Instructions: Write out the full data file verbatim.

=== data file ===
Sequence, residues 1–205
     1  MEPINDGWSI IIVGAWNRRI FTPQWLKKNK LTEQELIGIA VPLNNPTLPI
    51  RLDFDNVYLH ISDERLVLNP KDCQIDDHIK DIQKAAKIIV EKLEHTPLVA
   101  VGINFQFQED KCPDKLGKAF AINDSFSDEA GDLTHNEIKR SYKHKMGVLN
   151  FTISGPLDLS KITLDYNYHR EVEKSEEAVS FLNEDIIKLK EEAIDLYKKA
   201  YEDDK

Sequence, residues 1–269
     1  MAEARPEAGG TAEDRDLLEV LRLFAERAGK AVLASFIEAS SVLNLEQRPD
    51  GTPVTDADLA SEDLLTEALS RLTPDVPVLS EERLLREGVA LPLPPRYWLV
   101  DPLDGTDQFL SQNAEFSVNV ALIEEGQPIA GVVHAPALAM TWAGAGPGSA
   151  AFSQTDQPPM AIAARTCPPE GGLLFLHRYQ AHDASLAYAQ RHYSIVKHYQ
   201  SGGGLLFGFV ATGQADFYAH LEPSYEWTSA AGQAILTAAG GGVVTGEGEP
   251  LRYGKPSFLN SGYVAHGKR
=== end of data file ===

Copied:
Sequence, residues 1–205
     1  MEPINDGWSI IIVGAWNRRI FTPQWLKKNK LTEQELIGIA VPLNNPTLPI
    51  RLDFDNVYLH ISDERLVLNP KDCQIDDHIK DIQKAAKIIV EKLEHTPLVA
   101  VGINFQFQED KCPDKLGKAF AINDSFSDEA GDLTHNEIKR SYKHKMGVLN
   151  FTISGPLDLS KITLDYNYHR EVEKSEEAVS FLNEDIIKLK EEAIDLYKKA
   201  YEDDK

Sequence, residues 1–269
     1  MAEARPEAGG TAEDRDLLEV LRLFAERAGK AVLASFIEAS SVLNLEQRPD
    51  GTPVTDADLA SEDLLTEALS RLTPDVPVLS EERLLREGVA LPLPPRYWLV
   101  DPLDGTDQFL SQNAEFSVNV ALIEEGQPIA GVVHAPALAM TWAGAGPGSA
   151  AFSQTDQPPM AIAARTCPPE GGLLFLHRYQ AHDASLAYAQ RHYSIVKHYQ
   201  SGGGLLFGFV ATGQADFYAH LEPSYEWTSA AGQAILTAAG GGVVTGEGEP
   251  LRYGKPSFLN SGYVAHGKR